Tulipa is a genus in the Liliaceae family from Europe, western Asia to central Asia and North Africa. There are about 100 species and thousands of cultivars. A book written in 2006 by Richard Wilford is a good source of information. Tulipa species i-s are found on this page.
Tulipa karabachensis Grossh. is considered to be a synonym of Tulipa armena Boiss.
Tulipa kaufmanniana Regel is known as the waterlily tulip as the flowers look like a waterlily when they are fully open. They are a popular tulip in cultivation as they bloom early and are available in many colors as cultivars. In the wild this species grows on stony, grassy slopes in the mountain shrub belt of the western Tien Shan. Photos by David Victor are shown below of it growing in the wild on the western Tien Shan mountains, Kazakhstan, in June 2004. These were all taken in the Ulkun-Kyindi Valley at some 8,000 feet and the sequence of shots clearly shows the great variability that the species shows in its natural habitat.
Tulipa lemmersii Zonn., Peterse & de Groot grows near Chymkent, Kazakhstan, on dry slopes in shallow, stony soil. The plants in the photo were grown from seed collected by Kurt Vickery and are shown in their second year of flowering, in an unheated, roofed bulb house in western Oregon. It is a small plant with flowers in attractive proportion to the foliage. Photo by Jane McGary in March 2021.
Tulipa linifolia Regel, native Iran, Afghanistan, and the Pamir Alai of central Asia is a winner of the RHS award of garden merit. It is now considered to include Tulipa batalinii Regel. It is a variable species with red or yellow flowers and narrow leaves. The first photo is from Mark McDonough who wrote: It "is a terrific rock garden size tulip species, with gorgeous brilliant red flowers that open wide to catch the sun. The red color didn't photograph accurately and appears to have a magenta tone. T. clusiana var. chrysantha can be seen in the right side of the photo." The second picture by Max Withers gives a better idea of the color of this species. His plant was purchased from the UC Botanic Garden. Photos 3-5 from Mary Sue Ittner show a pot of flowers in 2008 and bulbs on a 1 cm grid.
Tulipa montana Lindl., syn. Tulipa wilsoniana Hoog, grows wild in the mountains southeast of the Caspian Sea and in Iran. It has crimson flowers with a small black blotch in the center and yellow anthers. In the wild there are also yellow forms. Photos from Mary Sue Ittner.
Tulipa neustruevae Pobed. see Tulipa dasystemon (Regel) Regel
Tulipa orithyioides Vved. grown from seed collected by Josef Halda in the early 1990s. Photographed in a bulb frame in Oregon in late February, by Jane McGary. This tiny tulip, only about 5 inches tall, is kept dry in summer. The species was offered in the 2004 catalog of Janis Ruksans, who also collected it in Central Asia.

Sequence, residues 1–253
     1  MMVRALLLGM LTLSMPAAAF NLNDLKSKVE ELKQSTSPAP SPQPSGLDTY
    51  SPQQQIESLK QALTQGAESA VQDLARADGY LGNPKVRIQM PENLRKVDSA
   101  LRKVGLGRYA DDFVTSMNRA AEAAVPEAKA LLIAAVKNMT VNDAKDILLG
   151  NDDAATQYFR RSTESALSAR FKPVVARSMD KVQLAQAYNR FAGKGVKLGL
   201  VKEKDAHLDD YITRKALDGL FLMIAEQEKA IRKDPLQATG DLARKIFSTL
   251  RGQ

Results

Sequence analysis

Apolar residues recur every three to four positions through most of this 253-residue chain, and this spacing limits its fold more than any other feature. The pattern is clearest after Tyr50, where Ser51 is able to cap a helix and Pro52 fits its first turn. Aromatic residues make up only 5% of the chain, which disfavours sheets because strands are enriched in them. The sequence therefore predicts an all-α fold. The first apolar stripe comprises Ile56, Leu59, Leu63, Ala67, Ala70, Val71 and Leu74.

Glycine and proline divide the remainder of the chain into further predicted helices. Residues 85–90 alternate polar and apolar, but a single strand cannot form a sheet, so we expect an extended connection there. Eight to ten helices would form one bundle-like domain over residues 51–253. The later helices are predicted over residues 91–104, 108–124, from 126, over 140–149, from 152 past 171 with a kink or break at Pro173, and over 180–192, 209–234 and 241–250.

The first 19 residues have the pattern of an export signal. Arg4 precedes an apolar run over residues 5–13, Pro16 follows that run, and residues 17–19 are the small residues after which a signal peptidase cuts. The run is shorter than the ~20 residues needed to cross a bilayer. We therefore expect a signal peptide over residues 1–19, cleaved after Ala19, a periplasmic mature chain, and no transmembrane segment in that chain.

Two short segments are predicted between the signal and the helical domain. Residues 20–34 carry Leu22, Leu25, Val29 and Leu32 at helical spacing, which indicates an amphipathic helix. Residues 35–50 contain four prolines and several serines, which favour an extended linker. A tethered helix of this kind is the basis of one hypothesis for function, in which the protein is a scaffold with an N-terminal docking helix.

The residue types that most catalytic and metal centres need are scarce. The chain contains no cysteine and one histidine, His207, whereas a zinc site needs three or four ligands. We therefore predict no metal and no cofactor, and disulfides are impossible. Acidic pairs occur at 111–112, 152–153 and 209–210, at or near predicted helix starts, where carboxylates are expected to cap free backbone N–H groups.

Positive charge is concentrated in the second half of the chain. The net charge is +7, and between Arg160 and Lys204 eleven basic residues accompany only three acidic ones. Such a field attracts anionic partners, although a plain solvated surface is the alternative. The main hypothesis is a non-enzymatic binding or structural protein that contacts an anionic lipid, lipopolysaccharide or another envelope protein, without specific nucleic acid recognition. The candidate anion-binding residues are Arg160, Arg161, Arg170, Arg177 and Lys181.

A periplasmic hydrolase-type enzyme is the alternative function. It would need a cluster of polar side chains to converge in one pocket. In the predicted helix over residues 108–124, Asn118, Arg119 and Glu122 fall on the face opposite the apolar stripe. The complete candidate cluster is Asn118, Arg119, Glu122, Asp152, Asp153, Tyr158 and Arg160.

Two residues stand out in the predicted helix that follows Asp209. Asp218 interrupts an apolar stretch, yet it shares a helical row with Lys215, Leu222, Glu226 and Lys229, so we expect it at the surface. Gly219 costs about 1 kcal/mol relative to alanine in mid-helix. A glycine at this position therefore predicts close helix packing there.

Tulipa orphanidea Boiss. ex Heldr. is found on hillsides and fields in Western Turkey, Greece and Bulgaria. Growing from 15 to 30 cm, it has 1 to 3 dull red, orange red or orange yellow flowers with a blackish or dark green blotch in the center suffused greenish or yellowish on the exterior of the outer segments. Anthers are brown or dark green. A number of forms have been individually named including Tulipa hageri Heldr. and Tulipa whittallii and are regarded as species by some and considered as variants of this species by others. The funnel shaped flowers open wide in the sun. Photos from Mary Sue Ittner who purchased these bulbs as 'Flava', but when they flowered they don't fit the description.
Tulipa orphanidea 'Flava' is described as having flowers that are greenish yellow on the outside, tinged with red along the edges and towards the tip of the tepals. Inside the flower is lemon yellow with a small bronze-colored blotch.
Tulipa polychroma Stapf see Tulipa biflora Pall.
Tulipa praestans H.B.May grows on rocky slopes, screes, and in light woodland to 3000 meters (9840 feet) in the southern Pamir Alai, Tadzhikistan. Flowers are scarlet and cup shaped. This species is widely grown in the open garden in suitable locations and long lived. One of the characteristics of this species is that it can produce multiple flowers per bulb. Pictures below show bulbs that I have been growing in Northern California for more than twenty years, stored dry in summer, prechilled for six weeks in November, and planted in pots. They were originally purchased as the cultivar 'Fusilier', a RHS award of garden merit winner, which supposedly can produce up to seven flowers per bulb. I cannot remember if the original bulbs had multiple flowers, but for as long as I could remember my bulbs only produced one flower per bulb. In 2019 in a colder and wetter year several bulbs had more than one flower. The red flowers first appear in the leaves and then the stem gets longer. If we happen to have a warm sunny day when it flowers (February to March here in coastal Northern California), the flowers open wider. Photos 1 through 5 by Mary Sue Ittner show it in flower four different years and the bulbs on a 1 cm grid.
The photos below were taken by Janos Agoston and show the cultivars, 'Van Tubergen's Variety' and 'Zwannenburg Variety'.
Tulipa pulchella (Fenzl ex Regel) Baker is a synonym of Tulipa humilis var. pulchella (Fenzl ex Regel) Christenh.
Tulipa regelii Krasn. grows in semi-desert and on stony mountain slopes in SE. Kazakhstan, an area with very hot summers and very cold winters. It has a broad blue-grey undulating leaf and with funnel-shaped flowers with a yellow center. Photo 1 from John Lonsdale. Photos 2 and 3 from Jane McGary, showing 4 plants grown from the Archibalds' seedlist, in their third year of flowering, which began seven years from sowing.